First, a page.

Science and technology in India Current Affairs - 2019
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Indian Space Research Organisation (ISRO) has successfully launched country’s first advance earth observation satellite Hyper Spectral Imaging Satellite (HysIS) along with 30 other satellites from eight countries. These satellites were launched on board of ISRO’s workhorse PSLV-C43 from Satish Dhawan Space Centre (SDSC) at Sriharikota in Andhra Pradesh.
PSLV-C43 was 45th flight of Polar Satellite Launch Vehicle (PSLV) with combined payload of 641.5kg. It was ‘Core Alone’ version of PSLV i.e. lightest version of the launch vehicle. PSLV is four stage launch vehicle with alternating solid and liquid stages. HysIS weighing around 380 kg was primary payload of this PSLV-C43 mission.
The co-passengers of HysIS include 1 micro and 29 nano satellites from eight different countries including one each from Australia, Canada, Columbia, Finland, Malaysia, Netherlands, Spain and 23 from US. All these satellites were commercially contracted for launch through ISRO’s commercial arm Antrix Corporation Limited. All these satellites were placed in 504 km orbit.
The satellites were ejected in two orbits by restarting rocket’s fourth-stage engine twice. PSLV first had released HysIS into orbit at 636 km 17 minutes after launch. Later engine of rocket’s fourth stage were restarted to place remaining satellites into desired orbits.
Hyper Spectral Imaging Satellite (HysIS)
It is India’s first hyperspectral imaging satellite for advanced earth observation developed indigenously by ISRO. Globally so far, very few space agencies have such a satellite (so India is not first to launch it). It was placed in 636 km-polar sun synchronous orbit with an inclination of 97.957 degree. It has mission life is five years. Its primary goal is to study earth’s surface in visible near infrared and shortwave infrared regions of electromagnetic spectrum withina bandwidth of 400nm-2500nm wavelength (This include visible, near infrared and far infrared bands of spectrum). Optical imaging detector chip is heart of this satellite which has been indigenously designed by Space Application Centre of ISRO and fabricated at its semi-conductor lab at Chandigarh.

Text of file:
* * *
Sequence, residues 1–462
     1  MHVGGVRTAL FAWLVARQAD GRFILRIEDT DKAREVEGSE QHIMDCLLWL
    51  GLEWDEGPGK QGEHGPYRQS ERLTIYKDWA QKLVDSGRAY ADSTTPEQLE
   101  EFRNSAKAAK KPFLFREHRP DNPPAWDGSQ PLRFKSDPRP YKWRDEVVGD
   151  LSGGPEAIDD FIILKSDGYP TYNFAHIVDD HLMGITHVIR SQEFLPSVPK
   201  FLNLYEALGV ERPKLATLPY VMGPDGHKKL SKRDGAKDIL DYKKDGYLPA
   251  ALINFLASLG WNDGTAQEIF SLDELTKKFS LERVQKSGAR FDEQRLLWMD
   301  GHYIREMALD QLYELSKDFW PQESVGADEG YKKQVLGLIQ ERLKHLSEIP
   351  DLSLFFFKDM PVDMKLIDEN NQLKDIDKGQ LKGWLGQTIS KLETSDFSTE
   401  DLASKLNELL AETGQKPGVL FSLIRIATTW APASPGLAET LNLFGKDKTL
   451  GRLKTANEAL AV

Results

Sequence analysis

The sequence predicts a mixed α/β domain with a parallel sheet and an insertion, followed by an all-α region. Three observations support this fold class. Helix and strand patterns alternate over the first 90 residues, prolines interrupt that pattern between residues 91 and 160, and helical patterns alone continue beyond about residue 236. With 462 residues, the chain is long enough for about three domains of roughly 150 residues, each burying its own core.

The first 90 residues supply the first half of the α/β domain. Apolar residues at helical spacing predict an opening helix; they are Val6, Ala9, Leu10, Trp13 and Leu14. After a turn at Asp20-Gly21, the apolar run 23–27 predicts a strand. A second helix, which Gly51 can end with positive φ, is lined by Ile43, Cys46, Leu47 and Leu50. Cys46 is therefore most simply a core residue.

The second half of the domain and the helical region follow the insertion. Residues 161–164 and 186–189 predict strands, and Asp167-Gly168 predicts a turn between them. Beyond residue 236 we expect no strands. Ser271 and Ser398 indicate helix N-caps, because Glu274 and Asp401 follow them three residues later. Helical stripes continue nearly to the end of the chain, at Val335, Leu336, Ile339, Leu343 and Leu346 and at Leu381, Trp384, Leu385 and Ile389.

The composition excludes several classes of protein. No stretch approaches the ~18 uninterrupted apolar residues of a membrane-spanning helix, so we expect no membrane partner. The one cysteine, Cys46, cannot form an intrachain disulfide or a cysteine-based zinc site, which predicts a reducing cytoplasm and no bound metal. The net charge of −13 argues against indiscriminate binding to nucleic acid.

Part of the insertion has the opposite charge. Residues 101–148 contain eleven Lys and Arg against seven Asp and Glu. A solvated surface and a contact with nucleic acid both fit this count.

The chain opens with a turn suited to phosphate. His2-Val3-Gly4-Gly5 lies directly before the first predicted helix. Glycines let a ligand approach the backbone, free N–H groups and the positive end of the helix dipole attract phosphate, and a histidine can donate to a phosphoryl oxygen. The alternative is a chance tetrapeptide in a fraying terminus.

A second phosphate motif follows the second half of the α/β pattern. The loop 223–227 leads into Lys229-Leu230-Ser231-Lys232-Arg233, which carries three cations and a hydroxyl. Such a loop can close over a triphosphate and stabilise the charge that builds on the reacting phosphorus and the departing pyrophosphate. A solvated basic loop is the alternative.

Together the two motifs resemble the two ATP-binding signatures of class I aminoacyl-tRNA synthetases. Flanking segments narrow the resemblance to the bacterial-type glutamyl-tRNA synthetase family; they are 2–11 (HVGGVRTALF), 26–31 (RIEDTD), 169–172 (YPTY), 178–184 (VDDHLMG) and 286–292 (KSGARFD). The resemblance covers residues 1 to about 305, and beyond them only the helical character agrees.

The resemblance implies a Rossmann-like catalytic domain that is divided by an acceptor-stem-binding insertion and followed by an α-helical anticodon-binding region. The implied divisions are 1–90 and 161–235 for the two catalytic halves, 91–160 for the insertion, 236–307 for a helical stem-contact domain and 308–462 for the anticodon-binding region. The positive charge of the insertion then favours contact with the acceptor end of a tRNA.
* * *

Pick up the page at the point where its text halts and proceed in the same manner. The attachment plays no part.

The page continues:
Applications of HysIS
The hyperspectral imaging satellite technology will be added advantage in watching over India from space across sectors including defence, agriculture, land use and mineral exploration. It will be primarily used in Agriculture, Forestry, Soil Survey, Geology, Coastal Zone Studies, Inland water Studies, Environmental monitoring, Pollution Detection from Industries.
Hyperspectral imaging or hyspex imaging (imaging spectroscopy) combines power of digital imaging and spectroscopy. It collects and processes information from across electromagnetic spectrum. Hyspex’ imaging enables distinct identification of objects, materials or processes on Earth by reading spectrum for each pixel of scene from space. The hyspex technology is still evolving science. In recent times, it has become trend that is being experimented globally. It has ability to add new dimension to plain-vanilla optical imagers.
Tags: Antrix Corporation • Earth Observation Satellite • Hyper Spectral Imaging Satellite • Hyperspectral imaging • HysIS
Union Government has appointed renowned scientist Nageshwara Rao Guntur as Chairperson of Atomic Energy Regulatory Board (AERB). His appointment as the AERB chairperson will be for three years. Guntur is the chairman, Project Design Safety Committee, Prototype Fast Breeder Reactor (PFBR) and former distinguished scientist Nuclear Power Corporation of India Ltd (NPCIL).
Atomic Energy Regulatory Board (AERB)
It was established in November 1983 to carry out certain regulatory and safety functions in the fields of nuclear and radiation safety on a countrywide basis. It was constituted by President of India by exercising powers conferred by Section 27 of Atomic Energy Act, 1962 to carry out certain regulatory and safety functions under the Act. The regulatory authority of AERB is derived from rules and notifications promulgated under Atomic Energy Act, 1962 and Environmental (Protection) Act, 1986. It is headquartered is in Mumbai, Maharashtra. Its mission is to ensure that use of ionising radiation and nuclear energy in India does not cause undue risk to health and environment. Currently, it consists of full-time Chairman, an ex officio Member, three part-time Members and Secretary.